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ARTICLE |

Could the Piggyback Operation in Liver Transplantation Be Routinely Used?

Manuel G. Fleitas, MD; Daniel Casanova, MD; Esteban Martino, MD; Jose M. Maestre, MD; Luis Herrera, MD; Fernando Hernanz, MD; Jose M. Rabanal, MD; Severino Pulgar, MD; Gumersindo Solares, MD
Arch Surg. 1994;129(8):842-845. doi:10.1001/archsurg.1994.01420320068013.
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Objective:  To determine if orthotopic liver transplantation with inferior vena cava preservation, performed without using caval cross clamping or venovenous bypass, can minimize hemodynamic instability and low renal perfusion pressure.

Design:  A prospective case series of 44 consecutive adult orthotopic liver transplantations, with a maximum follow-up of 30 months.

Setting:  An institutional university referral center.

Patients:  Between November 1990 and May 1993, 39 consecutive adult liver transplant recipients underwent transplantation with the following primary diagnoses: alcoholic cirrhosis (n=23), viral cirrhosis (n=9), primary biliary cirrhosis (n=2), Wilson's disease (n=2), primary sclerosing cholangitis (n=1), fulminant hepatic failure (n=1), and secondary hepatic malignant neoplasm (n=1); five had repeated orthotopic liver transplantation.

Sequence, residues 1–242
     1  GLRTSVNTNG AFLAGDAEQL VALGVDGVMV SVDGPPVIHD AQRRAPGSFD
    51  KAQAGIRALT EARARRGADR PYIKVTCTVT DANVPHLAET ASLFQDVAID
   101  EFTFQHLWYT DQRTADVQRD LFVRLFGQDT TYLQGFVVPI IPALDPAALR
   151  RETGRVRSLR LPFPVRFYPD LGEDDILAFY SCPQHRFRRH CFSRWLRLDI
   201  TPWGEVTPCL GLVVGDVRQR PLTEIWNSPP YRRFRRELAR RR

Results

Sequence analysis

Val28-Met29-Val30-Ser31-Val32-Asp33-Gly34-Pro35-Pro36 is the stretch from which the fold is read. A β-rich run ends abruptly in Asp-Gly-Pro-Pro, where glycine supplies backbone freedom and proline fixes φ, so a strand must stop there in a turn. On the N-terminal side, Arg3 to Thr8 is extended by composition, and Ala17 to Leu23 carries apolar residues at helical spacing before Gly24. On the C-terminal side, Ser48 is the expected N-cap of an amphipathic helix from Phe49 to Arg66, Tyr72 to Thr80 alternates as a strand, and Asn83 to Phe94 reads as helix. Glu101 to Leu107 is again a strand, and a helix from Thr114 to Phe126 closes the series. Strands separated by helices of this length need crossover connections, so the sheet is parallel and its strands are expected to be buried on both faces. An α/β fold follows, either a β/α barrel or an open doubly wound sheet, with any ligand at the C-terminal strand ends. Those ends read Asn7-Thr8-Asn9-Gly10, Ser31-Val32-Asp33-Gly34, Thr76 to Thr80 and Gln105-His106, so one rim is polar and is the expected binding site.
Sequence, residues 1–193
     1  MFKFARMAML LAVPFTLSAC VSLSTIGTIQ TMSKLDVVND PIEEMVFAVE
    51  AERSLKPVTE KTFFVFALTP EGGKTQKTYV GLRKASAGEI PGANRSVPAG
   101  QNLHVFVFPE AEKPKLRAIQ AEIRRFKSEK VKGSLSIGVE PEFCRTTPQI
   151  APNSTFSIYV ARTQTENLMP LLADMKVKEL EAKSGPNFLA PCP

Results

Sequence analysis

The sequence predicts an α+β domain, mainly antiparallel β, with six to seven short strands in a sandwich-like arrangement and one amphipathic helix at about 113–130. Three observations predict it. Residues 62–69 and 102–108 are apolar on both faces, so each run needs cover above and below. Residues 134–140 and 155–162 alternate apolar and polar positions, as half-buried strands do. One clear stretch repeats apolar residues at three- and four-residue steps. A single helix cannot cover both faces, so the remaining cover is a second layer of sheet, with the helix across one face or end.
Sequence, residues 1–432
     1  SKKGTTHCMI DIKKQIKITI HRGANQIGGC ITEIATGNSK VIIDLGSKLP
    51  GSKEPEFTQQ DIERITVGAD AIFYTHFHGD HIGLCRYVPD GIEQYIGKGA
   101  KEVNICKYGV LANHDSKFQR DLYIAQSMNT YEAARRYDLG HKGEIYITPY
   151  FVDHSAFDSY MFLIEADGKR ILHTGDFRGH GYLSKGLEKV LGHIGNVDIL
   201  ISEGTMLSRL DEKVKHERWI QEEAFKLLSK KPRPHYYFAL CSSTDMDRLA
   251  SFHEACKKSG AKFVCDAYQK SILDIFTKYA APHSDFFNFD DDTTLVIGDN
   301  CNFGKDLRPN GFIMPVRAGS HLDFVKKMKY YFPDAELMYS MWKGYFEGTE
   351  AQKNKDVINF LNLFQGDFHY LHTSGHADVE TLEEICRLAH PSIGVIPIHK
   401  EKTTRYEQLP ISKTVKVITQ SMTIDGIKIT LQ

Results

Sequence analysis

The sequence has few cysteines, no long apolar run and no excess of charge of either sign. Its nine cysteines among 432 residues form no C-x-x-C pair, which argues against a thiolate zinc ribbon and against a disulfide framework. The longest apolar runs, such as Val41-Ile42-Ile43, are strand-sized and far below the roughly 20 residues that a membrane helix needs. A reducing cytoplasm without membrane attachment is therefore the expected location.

Intervention:  Orthotopic liver transplantations were performed using the piggyback technique, but with placement of the vascular clamp on the inferior vena cava laterally instead of across it so that it remained patent throughout the anhepatic stage. Favorable anatomic conditions in the recipients were not considered; venovenous bypass was not used.

Main Outcome Measures:  Intraoperative hemodynamic profile, blood loss and replacement, surgical time and complications, and patient survival.

Results:  No significant hemodynamic changes with lateral clamping and no increases in surgical complications, rate of retransplantation, blood product requirements, or survival rate compared with the standard procedure.

Conclusion:  The piggyback operation could be routinely used in orthotopic liver transplantation.(Arch Surg. 1994;129:842-845)

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